The Latin Patriarch of Jerusalem, Cardinal Pierbattista Pizzaballa, has called on all Catholics and people of faith to observe a day of fasting and prayer for peace in the Holy Land. Cardinal Pizzaballa made his request in an open letter on the website of the Latin Patriarchate of Jerusalem, released in English, Arabic, French, and Italian in the hopes that it will draw in participation from around the globe.
Cardinal Pizzaballa opened his request with a passage from the scriptures: “Since he is not the God of disorder but of peace” (1 Corinthians 14, 33). He then prayed that the Lord may “indeed give us peace,” before lamenting that conflict has once again descended on the people of Jerusalem, bringing with it “pain and dismay”:
“We have suddenly been catapulted into a sea of unprecedented violence,” Cardinal Pizzaballa wrote. “The hatred, which we have unfortunately already been experiencing for too long, will increase even more, and the ensuing spiral of violence will create more destruction. Everything seems to speak of death.”
While he described the conflict between the nation of Israel and the terrorist organization Hamas as “a time of sorrow and dismay,” he noted that the faithful are not helpless as long as there is prayer. Returning to Corinthians, he cautioned lest “death and its sting (1 Cor 15:55) be the only word we hear.”
It is to this end that he is calling on all parishes and religious communities to participate in a day of prayer on Tuesday, October 17, 2023. Cardinal Pizzaballa encouraged all Catholics to pray on pray and fast for peace and reconciliation, as well as for the souls of those who have lost their lives in the conflict.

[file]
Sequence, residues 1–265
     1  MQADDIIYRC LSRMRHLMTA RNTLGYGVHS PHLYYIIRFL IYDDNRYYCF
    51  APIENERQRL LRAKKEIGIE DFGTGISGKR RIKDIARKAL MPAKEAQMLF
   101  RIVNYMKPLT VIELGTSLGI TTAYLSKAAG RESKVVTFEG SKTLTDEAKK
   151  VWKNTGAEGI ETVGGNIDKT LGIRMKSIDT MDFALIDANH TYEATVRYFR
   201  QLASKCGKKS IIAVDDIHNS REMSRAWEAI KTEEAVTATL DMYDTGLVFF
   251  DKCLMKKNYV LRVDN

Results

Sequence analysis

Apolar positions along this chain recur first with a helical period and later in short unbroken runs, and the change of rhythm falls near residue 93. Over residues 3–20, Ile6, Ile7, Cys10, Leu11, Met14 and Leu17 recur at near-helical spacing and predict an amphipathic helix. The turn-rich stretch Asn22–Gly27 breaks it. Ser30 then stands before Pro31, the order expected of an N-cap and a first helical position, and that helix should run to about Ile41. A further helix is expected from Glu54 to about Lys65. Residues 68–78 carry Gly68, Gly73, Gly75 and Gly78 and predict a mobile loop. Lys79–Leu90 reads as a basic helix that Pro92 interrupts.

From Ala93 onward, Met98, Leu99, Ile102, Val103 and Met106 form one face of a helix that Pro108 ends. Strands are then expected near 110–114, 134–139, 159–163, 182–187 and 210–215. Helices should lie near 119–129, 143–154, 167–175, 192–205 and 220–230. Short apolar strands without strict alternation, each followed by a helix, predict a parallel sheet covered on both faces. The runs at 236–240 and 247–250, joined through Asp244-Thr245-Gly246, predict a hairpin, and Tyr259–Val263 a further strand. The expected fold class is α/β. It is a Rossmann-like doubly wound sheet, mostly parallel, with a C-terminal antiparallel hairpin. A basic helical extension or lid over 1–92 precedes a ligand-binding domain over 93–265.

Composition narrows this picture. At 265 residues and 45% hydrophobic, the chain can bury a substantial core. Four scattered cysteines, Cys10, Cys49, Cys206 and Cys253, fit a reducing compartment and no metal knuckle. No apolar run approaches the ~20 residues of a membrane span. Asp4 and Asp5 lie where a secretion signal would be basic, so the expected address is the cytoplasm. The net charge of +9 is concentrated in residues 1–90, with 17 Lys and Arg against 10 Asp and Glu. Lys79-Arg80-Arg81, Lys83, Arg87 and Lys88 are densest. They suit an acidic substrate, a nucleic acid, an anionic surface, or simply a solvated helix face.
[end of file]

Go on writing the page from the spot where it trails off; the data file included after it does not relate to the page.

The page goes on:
The Latin Patriarch asked Catholics to organize times in which they could pray in community with one another, especially if these groups can pray in adoration before the Holy Eucharist. He also encouraged groups to pray the Holy Rosary for the intercession of the Blessed Virgin Mary. The letter noted that communities of the dioceses within Jerusalem will most likely not be able to organize large gatherings, but his flock will come together in small groups for “simple and sober common moments of prayer in parishes, religious communities, and families.”
“This is the way we all come together despite everything, and unite collectively in prayer, to deliver to God the Father our thirst for peace, justice, and reconciliation.” Cardinal Pizzaballa concluded.